The last major spate of arson brush fires occurred in late June and early July of 1985. In the last week of June, arsonists set a series of blazes in Ventura County that burned for five days into a single major fire, spreading from Ojai toward the Santa Barbara County line, scorching more than 60,000 acres, gutting 12 homes and requiring 2,700 firefighters--some who flew in from as far away as Arkansas--before it was extinguished.
Then, on July 2, a fire was deliberately set in dry brush on a hillside in the Baldwin Hills section of southern Los Angeles, setting off a fast-moving blaze that roared through a residential section, killing three residents and destroying or damaging 66 homes. Despite repeated appeals and a large reward, the arsonist was never found.
Despite a general recognition that the compulsions that drive the arsonist need to be corrected, there are differences among experts over the amounts of imprisonment and psychiatric help that is required.
The typical sentence for those convicted of wild-lands arson is about three years, said Fred Strayhorn, chief investigator for the state fire marshal’s arson and bomb division. And law enforcement authorities tend to believe that incarceration is the appropriate course.
While most of those who are convicted receive some form of psychiatric treatment, Poore and other psychologists and even some law enforcement officials acknowledge that many “get little help.”
“There are plenty of repeat offenders and I think part of the reason is that these people don’t get the appropriate treatment,” Fineman said.
Most of the 80 arsonists prosecuted last year by the Forestry Department were cited for only one or two offenses. But many were linked to dozens of other fires, Poore said. In some cases, as many as 200 fires were eventually found to have been committed by solitary arsonists.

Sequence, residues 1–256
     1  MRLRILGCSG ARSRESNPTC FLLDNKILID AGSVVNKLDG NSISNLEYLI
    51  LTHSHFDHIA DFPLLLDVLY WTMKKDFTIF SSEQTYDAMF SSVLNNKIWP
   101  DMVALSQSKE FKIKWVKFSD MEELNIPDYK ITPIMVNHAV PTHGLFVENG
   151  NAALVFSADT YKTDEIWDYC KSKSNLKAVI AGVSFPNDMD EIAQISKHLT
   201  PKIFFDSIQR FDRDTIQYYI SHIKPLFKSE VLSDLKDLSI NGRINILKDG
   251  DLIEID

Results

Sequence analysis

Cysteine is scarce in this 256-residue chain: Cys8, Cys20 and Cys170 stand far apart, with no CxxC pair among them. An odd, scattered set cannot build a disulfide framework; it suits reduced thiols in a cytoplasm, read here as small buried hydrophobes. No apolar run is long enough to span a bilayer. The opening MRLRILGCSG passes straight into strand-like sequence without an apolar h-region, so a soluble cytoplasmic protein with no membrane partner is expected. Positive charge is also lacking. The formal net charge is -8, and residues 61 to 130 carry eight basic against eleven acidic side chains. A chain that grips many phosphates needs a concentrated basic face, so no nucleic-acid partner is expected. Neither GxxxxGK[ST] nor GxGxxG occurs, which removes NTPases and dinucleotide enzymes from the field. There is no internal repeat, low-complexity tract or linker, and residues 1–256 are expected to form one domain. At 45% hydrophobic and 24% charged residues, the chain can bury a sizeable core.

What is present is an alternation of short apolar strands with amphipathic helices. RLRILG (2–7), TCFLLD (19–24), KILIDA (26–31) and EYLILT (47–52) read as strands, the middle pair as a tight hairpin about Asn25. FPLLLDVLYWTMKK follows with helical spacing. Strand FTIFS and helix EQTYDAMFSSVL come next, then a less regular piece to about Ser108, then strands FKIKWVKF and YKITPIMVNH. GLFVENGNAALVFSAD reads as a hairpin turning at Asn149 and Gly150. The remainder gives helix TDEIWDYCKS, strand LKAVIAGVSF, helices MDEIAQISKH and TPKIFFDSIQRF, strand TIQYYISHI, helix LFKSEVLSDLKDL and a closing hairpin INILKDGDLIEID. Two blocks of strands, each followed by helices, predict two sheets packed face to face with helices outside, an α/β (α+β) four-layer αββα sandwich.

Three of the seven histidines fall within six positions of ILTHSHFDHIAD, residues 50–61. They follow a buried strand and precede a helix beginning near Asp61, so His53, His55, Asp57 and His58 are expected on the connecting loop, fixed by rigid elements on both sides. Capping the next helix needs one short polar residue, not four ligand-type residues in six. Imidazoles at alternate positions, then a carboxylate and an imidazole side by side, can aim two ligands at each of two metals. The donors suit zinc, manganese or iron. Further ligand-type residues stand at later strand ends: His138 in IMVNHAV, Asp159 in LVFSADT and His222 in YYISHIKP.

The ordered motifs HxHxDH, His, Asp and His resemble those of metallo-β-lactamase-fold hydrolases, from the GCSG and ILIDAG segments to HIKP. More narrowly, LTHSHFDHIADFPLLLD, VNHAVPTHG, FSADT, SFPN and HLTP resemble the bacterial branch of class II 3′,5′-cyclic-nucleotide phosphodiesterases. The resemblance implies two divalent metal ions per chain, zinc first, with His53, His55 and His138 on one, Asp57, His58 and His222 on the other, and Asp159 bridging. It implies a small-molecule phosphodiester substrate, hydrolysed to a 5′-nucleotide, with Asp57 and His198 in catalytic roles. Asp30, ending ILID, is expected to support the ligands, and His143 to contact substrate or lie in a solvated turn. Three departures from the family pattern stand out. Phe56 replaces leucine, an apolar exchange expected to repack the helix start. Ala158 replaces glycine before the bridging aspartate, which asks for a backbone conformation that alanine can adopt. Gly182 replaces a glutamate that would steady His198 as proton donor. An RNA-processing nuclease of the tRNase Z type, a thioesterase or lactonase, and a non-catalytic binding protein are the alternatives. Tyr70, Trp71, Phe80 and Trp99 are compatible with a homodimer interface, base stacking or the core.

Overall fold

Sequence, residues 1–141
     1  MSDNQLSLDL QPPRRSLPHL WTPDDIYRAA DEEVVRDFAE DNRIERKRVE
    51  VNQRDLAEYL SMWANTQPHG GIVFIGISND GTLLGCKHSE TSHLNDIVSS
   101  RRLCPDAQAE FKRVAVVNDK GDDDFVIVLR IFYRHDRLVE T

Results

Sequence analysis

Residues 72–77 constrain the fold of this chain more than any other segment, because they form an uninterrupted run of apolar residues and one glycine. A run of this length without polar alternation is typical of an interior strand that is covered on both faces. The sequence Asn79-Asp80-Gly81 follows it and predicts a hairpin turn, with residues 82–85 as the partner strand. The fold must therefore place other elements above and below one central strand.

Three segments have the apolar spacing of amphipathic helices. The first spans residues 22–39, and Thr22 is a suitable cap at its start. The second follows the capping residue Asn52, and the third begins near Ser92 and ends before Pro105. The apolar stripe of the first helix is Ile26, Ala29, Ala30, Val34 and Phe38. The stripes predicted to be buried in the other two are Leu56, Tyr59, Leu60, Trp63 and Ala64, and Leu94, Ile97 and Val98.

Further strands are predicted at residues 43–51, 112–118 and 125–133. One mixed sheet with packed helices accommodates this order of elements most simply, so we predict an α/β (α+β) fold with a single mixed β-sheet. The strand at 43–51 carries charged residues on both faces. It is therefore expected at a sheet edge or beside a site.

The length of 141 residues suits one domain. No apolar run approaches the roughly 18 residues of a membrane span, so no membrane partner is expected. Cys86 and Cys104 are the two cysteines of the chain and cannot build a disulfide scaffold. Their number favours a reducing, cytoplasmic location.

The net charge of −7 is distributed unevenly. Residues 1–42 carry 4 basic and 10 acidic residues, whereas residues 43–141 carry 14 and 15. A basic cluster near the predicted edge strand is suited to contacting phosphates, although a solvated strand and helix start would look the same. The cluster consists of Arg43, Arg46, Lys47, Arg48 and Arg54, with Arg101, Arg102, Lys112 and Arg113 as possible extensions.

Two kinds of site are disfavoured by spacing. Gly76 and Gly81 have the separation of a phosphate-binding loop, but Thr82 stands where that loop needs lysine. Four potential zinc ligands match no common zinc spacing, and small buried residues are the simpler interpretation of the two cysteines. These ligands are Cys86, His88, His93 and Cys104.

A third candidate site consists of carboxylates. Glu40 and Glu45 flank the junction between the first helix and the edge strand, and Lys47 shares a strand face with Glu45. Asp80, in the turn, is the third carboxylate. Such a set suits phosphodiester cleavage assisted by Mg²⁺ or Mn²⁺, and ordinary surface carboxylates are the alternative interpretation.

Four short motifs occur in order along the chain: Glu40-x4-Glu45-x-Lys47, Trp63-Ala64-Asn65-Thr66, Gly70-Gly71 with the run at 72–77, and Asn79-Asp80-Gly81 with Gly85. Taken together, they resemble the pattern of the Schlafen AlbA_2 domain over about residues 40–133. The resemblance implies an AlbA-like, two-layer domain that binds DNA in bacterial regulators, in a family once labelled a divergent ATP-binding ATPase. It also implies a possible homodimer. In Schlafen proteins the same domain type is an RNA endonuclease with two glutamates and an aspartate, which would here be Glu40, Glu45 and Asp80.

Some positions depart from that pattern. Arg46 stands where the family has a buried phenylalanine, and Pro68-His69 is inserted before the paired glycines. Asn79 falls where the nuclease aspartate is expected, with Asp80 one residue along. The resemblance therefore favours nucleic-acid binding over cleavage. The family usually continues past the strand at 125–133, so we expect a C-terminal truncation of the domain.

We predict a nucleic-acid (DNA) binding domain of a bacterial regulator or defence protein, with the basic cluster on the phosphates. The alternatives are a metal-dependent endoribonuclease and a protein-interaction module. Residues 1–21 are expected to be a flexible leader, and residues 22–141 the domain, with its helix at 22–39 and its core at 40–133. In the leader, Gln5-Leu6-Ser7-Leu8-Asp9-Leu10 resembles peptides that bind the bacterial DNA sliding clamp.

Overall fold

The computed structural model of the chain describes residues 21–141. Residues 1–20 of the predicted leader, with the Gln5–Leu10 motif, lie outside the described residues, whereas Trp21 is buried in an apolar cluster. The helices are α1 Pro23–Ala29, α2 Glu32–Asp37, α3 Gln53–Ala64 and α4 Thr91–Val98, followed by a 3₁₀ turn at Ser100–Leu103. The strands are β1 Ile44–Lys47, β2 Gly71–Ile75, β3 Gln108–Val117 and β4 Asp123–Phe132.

“They may not admit to every fire they start, but there’s always some tie--either it’s the device they use, the areas where they start the fires--it’s always something,” Poore said.
Soon after state arson investigators arrested a Northern California small businessman for setting a fire in the Tahoe Basin five years ago, they were able to link him to 32 fires in national parks throughout the region. It seemed that the man, who apparently nursed a grudge against the U.S. Forest Service, had been setting fires as he jogged along hiking trails, flicking matches as he ran.
“It was the way he dropped the matches that did him in,” said John DeHaan, a criminalist with the California Department of Justice who worked on the case. “How many joggers do you know who carry matches with them?”
Law enforcement authorities are often reluctant to describe in detail the kinds of devices used by arsonists, fearing that others will learn from those descriptions. But officials do acknowledge that wildfire arsonists rarely have to use the kinds of fuels and accelerants used by those who try to burn down buildings in cities and towns--largely because dry grasses and chaparral provide instant kindling for forest fires.
Instead, wildfire arsonists rely on the simplest of devices. Some are matchbooks wrapped around cigarettes inside a thicket of chaparral. Others are time-delayed devices like the butane lighters, propped open by pens, that were used to start the fire that burned down more than 40 homes in Glendale on Wednesday, causing tens of millions of dollars in damage.